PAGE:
tariat are plunged. Prostitution, in my opinion, like theft, 
springs from vicious natural tendencies of certain individuals. 
Lack of education, abandonment, poverty, and bad example 
can be considered at most as secondary causes; just as fanuly 
care and instruction may serve as salutary checks upon e\Tl 
tendencies. The tendency to prostitution proceeds from a fun- 
damental lack of the sense of modesty, which often mamfesti 
itself at the same time as the absence of all sexual feeling, for 
many of these unfortunates are of an apathetic temperament. 
They are automatons, who concern themselves with nothing and 
have almost no feeling; in their many and fleeting relationships 
they show no preference. If they ever show favor to some par- 
ticular lover, they do it, not from sympathy, but because it is 
the custom of their associates; they show themselves as indil- 
ferent to homage as to the most brutal abuse." 

This apathy, it is true, is interrupted from time to time by vio- 
lent and fugitive fits of passion ; * but here also there is a striking 
' Castiglioni, "Sulla Proatituzione," Rome, 1871. 


resemblance to the criminal, with whom apathy, insensibility, 
violent and transitory passion, and idleness are dominant 
characteristics.^ But even if we hold strictly to legal definition 
and official statistics, it is plain that a part of the army of pros- 
titutes must be enrolled as criminals also. Guerry observed 
that in London 80% of the female criminals under 80 years of 
age came from among the prostitutes, and 7% of those over 
that age. Furthermore, prostitution, like female criminality, 
tends to increase with increasing civilization and approach to 
male criminality in amount. In London in 1884 the female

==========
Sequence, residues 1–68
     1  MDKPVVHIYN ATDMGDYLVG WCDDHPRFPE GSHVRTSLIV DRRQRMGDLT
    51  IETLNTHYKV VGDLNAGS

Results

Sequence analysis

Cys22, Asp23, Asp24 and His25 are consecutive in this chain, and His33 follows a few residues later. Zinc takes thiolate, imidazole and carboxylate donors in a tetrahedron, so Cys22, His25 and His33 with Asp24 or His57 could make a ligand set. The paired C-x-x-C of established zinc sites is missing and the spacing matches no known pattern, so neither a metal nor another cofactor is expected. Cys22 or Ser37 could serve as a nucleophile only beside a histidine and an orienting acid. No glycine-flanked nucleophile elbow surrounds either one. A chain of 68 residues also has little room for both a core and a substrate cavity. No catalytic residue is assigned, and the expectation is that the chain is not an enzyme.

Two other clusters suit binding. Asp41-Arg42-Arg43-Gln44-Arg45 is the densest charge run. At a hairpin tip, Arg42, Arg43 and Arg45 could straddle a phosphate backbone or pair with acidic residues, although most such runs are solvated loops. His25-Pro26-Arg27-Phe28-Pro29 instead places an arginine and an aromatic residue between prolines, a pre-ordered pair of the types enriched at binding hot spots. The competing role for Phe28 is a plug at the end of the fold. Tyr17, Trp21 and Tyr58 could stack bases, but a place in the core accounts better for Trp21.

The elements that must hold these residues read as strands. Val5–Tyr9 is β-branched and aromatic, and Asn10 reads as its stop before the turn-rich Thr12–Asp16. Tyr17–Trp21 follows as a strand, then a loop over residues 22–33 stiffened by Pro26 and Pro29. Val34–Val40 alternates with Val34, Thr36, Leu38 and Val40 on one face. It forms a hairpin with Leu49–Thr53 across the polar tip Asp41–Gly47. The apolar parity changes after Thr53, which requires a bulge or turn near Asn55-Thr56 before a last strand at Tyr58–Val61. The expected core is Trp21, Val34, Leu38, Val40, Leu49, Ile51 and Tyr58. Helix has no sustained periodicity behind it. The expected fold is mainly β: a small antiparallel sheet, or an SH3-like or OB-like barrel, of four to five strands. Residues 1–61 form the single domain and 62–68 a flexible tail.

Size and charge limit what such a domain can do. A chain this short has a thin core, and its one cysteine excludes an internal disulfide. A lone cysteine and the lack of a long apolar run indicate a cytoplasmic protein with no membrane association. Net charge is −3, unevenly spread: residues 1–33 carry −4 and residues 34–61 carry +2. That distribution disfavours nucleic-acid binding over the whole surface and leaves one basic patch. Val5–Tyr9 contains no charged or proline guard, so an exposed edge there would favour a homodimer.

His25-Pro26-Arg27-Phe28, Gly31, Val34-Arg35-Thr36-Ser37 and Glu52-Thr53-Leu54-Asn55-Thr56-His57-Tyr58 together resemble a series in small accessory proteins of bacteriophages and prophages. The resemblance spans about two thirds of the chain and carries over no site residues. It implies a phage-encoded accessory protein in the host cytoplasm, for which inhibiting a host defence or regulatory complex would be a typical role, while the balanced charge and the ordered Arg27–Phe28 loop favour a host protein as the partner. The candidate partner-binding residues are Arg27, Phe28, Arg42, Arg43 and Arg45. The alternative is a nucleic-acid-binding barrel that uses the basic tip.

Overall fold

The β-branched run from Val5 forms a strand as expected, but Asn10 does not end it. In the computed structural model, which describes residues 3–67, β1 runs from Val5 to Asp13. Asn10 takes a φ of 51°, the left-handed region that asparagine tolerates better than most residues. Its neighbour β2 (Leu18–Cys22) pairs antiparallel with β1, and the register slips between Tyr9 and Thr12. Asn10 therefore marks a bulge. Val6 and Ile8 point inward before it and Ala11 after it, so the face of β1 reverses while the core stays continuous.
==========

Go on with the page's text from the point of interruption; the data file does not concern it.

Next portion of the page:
criminals were 18.8% as numerous as the male, and in 1858 
25.7%; while in Spain the figure was as low as 11%, in France 
20%, in Prussia 22%, in Scotland 23%. In Austria in general 
the female criminality is 14% of the male, but in Vienna it is 

But aside from these facts many other grave reasons make 
us suq)ect that the criminality of women is greater than the 
statistics show. The crimes mentioned above to which women 
are particularly addicted are just those which are most easily 
concealed and most rarely lead to trial. To this may be added 
the well known fact of the greater obstinacy and intensity of 
criminality when it appears in a woman. Thus in America 
delinquent girls have shown themselves more incorrigible than 
boys. However, it must be remembered in this connection 
that female criminals show fewer marks of degeneracy than 
criminal men. 

§84. Civilization 

In both sexes, but especially in the case of women, we see 
that the more serious crimes regularly increase as civilization 
decreases. On the other hand, the relation of the degree of 
civilization with vagrancy and similar offenses and with sexual 
crimes is not so definite. The following table gives the ratio 
which the frequency of the various crimes in southern and 
central Italy bears to that of the more civilized part of the 

^ Lombroso, "Homme Cximinel/' VoL I. 




Southern Italy 

By men 


By men 

By women 

Murder and homicide . . . 











Highway robbery . . . . 



Abortion and infanticide are more frequent at an early age 
the more ci\Tlized a country is, but more frequent at an ad- 
vanced age the less civilized it is. This appears to be due to 
the fact that the more civilized a countiy is, the more will fear 
of public dishonor induce a young girl who becomes pregnant